10. Hi all, unfortunately I am in the Royal Brompton Hospital London awaiting heart surgery so am unable to access the number/date records. This situation will, if resolved, hopefully see me eventually back and active among the concertina community. Geoff Crabb
  11. Please find attached layout of Crabb built 58 button (Jeffries) which may be of interest. Crabb layout 58 (Jeffries).doc Merry Christmas Geoff
  12. Probably Lachenal but could be Wheatstone as that style of routed fretwork pattern and the coloured, lettered buttons can be found on English models of a both makers at various earlier times. An internal serial number, if present, may indicate the origin. The H Crabb & Son label indicates that the instrument would have been refurbished/supplied at some time after 1936 and would have been used where the original makers/dealers label was missing or beyond re-use (mutilated). The ever important wording on the Crabb label, 'Concertina Makers', does not imply the subject instrument as being made in the Crabb workshop. It is expected that instruments of Crabb manufacture will have a Crabb four (8*** on) or five (10*** on) digit ID number present internally and/or externally. Exceptions, however, may be found i.e. 1. No number. 2. Some 'odd' external number. 1. Early instruments supplied to C Jeffries pre-1895 only had numbers pencilled internally and these were often erased between collection and final delivery to a customer. After 1895 all Crabb numbers were impressed into the internal woodwork. 2. While some dealers/wholesalers would request there own name/numbers to be applied externally, a Crabb stamp & number would always be impressed internally. Geoff.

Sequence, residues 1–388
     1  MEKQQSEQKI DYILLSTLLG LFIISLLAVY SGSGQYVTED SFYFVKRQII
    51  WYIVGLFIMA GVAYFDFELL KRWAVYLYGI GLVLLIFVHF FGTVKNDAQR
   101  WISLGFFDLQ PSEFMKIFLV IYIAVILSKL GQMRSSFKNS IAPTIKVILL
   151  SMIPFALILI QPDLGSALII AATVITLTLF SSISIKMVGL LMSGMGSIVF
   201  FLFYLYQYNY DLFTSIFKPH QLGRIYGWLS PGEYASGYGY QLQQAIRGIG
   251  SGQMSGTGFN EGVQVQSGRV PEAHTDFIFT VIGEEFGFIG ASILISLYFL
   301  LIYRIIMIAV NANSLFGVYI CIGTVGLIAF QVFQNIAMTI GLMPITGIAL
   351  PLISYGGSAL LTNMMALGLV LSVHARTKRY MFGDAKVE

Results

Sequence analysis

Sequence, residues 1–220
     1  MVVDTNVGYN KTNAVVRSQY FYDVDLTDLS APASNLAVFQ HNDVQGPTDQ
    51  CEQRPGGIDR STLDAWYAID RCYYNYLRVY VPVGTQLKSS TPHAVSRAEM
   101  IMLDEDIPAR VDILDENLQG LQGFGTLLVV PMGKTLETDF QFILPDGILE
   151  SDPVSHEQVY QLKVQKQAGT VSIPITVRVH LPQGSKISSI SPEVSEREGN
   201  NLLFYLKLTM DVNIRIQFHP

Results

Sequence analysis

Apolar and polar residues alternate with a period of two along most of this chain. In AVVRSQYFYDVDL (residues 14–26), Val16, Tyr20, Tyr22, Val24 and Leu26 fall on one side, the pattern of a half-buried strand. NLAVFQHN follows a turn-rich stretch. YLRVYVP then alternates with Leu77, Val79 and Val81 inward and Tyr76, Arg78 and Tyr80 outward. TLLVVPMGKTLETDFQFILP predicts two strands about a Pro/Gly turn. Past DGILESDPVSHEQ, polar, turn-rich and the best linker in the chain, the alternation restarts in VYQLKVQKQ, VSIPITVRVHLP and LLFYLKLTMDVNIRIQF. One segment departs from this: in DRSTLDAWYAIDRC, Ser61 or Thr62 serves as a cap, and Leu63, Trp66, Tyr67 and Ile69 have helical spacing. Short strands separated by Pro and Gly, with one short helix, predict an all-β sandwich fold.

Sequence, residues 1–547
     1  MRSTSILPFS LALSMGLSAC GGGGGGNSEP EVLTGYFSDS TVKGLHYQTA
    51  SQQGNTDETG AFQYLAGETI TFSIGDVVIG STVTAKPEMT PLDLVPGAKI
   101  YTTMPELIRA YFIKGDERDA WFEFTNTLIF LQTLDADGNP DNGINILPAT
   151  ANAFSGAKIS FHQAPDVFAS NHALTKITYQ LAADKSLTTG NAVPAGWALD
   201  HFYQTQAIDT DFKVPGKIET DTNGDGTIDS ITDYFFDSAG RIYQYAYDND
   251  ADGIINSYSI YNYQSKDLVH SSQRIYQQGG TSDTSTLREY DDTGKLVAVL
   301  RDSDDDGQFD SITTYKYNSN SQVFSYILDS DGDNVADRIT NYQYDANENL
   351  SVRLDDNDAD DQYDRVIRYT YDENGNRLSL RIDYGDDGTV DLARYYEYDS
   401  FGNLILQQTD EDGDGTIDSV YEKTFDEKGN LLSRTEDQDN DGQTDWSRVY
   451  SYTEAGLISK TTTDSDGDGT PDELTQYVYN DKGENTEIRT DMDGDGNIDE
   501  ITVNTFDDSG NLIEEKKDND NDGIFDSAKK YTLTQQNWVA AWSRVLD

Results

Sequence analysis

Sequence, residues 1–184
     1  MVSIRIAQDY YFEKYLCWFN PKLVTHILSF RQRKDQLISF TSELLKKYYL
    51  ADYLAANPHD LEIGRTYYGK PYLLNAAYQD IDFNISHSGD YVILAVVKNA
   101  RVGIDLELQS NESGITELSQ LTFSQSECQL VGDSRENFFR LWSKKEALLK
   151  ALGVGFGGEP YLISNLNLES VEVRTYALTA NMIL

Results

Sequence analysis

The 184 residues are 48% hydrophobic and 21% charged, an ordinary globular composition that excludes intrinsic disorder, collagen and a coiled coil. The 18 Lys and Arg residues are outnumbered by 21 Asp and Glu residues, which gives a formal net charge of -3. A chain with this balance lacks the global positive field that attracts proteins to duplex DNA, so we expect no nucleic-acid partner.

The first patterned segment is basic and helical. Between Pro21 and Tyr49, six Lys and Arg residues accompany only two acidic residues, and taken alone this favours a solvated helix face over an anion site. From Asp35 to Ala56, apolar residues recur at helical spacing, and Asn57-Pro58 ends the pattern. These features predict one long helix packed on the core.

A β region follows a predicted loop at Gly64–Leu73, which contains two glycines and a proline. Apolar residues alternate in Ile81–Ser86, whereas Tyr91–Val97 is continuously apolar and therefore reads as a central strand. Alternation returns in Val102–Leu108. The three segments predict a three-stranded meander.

13. 'Standard layout' in respect to Anglos of more that 20 buttons is perhaps a misnomer and I think it would be hard to find any of the old makers literature or receipts actually annotated as such. Because of the variation in note allocation by the same maker, that appear to be original, 'Typical' is, perhaps, more apt. Because of this, I can only offer the following 'layout' which I constructed from the original plans of a J Crabb instrument made in 1877 38 ANGLO CG sequence.doc As an aside, to avoid confusion the wind button and any novelty buttons should not be included in the button count on Concertinas, especially Anglos. Only Buttons that sound actual reeded notes should be included. Geoffrey
  14. In fact the process is termed 'Coining' Geoffrey